Quick background - NASCAR coverage in Canada is not done the same way as it is in the USA.  For the Americans, they get Fox for half of the year, and then NBC for the second half (at least for the remainder of this year - things are set to change next year).  

In Canada, we get to see the American feeds, but they’re broadcast on the same channels every weekend - TSN (Canada’s version of ESPN).  We get to see the switch to NBC halfway through the season, but it remains on TSN.

Now, TSN has 5 channels, numbered TSN 1 through 5 (original, I know), and it varies from week to week which one will have NASCAR Cup Series racing, but we know it can be found on one of those five on any given week.

The rain delayed the race in Kansas, and TSN decided to put some golf coverage on instead, stating that when the race was ready to be run, we’d get it back.  

Some time passes, the rain stops, and they’re about ready to go racing.  I’m reading on Twitter/X that they’re firing up the engines, etc. and yet still I’m watching golf.  In fact, the exact same golf coverage is being shown on TWO channels at the same time.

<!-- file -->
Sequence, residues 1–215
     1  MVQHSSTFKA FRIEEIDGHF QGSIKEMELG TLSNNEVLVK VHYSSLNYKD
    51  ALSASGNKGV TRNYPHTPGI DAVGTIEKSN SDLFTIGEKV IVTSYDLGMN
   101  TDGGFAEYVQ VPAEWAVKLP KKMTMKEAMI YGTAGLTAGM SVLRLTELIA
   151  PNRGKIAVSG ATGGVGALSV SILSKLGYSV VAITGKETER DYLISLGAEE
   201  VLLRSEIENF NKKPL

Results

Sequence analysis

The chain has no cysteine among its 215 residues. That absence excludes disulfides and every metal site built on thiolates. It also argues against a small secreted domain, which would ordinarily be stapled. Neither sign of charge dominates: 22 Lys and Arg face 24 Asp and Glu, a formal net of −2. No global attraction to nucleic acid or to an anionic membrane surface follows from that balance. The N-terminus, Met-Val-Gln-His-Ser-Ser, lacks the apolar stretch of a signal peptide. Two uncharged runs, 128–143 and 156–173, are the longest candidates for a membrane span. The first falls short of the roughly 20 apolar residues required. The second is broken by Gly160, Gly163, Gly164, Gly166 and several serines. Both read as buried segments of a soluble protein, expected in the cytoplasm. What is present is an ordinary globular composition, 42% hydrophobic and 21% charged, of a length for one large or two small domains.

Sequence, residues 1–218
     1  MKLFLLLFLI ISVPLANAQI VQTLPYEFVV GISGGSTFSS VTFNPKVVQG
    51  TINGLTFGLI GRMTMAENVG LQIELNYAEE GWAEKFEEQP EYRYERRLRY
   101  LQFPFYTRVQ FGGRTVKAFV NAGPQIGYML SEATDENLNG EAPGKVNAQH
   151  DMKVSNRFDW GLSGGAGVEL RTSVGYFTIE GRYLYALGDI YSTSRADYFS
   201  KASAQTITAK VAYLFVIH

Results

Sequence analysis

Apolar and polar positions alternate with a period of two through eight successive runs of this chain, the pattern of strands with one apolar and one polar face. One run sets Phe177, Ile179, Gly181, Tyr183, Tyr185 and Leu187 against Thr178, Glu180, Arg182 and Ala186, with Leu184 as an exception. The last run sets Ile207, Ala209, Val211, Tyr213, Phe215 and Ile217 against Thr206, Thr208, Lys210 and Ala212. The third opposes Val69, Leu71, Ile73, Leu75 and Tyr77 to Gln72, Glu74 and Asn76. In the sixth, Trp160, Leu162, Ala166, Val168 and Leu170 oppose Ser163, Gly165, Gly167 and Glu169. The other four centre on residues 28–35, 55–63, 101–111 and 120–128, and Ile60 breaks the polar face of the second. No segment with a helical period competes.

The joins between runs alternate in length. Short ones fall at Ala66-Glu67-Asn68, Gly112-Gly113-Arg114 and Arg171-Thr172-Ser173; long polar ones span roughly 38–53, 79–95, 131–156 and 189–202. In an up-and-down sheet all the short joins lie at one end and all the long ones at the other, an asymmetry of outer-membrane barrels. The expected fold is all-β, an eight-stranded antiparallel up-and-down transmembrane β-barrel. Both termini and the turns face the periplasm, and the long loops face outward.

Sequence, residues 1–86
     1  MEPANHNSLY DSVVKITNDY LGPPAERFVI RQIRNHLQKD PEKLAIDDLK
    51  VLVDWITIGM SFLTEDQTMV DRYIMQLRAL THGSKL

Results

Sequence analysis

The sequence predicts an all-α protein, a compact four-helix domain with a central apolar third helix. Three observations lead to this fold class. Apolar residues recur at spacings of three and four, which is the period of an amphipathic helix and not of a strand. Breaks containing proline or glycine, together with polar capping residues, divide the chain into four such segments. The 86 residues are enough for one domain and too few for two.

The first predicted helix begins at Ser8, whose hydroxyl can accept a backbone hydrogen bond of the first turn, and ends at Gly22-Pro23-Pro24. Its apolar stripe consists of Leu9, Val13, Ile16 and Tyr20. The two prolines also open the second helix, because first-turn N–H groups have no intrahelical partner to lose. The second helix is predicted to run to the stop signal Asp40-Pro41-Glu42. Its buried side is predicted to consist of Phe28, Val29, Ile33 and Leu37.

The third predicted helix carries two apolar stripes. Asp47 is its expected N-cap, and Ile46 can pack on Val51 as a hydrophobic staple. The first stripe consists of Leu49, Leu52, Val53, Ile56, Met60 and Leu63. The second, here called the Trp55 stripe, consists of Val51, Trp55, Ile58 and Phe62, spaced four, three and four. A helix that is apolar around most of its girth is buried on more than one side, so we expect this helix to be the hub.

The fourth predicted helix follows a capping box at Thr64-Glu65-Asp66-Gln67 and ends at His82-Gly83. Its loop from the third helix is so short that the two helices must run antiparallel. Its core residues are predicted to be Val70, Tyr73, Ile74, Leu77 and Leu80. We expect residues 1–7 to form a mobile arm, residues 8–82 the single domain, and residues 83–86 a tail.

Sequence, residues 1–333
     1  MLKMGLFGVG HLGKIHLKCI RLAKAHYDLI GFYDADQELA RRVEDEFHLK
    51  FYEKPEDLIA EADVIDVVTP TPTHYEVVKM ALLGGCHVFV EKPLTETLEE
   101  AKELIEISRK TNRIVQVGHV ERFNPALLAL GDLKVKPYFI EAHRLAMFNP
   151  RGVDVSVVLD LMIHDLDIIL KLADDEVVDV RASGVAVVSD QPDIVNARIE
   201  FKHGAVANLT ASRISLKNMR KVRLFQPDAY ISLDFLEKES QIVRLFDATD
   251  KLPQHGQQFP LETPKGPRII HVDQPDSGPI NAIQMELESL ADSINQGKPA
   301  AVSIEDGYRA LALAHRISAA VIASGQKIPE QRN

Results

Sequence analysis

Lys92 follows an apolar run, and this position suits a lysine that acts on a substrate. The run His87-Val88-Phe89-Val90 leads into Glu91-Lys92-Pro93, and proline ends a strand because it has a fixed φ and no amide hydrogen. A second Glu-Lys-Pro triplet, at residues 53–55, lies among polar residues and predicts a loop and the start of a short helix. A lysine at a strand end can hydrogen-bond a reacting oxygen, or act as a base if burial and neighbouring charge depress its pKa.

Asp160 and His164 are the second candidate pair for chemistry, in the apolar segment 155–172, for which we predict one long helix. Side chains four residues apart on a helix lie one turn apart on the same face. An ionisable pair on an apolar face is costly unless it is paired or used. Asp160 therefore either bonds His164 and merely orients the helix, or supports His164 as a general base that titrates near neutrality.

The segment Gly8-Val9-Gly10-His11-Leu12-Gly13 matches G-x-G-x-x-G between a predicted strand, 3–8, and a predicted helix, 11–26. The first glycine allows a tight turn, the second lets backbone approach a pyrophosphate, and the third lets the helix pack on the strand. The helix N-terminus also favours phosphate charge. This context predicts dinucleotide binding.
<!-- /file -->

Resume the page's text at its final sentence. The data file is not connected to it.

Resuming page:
A third TSN channel has started running a pre-recorded clip-style show, something about the Biggest Coach Blowups Ever, and suddenly I see that the race has gone green!

I know there aren’t as many of us fans up here in Canada, but come on, TSN!  You can do better!  We had to watch the final hole of golf, and then some extremely boring post-match interviews with the winner before finally switching over to NASCAR.  We joined the race on lap 15.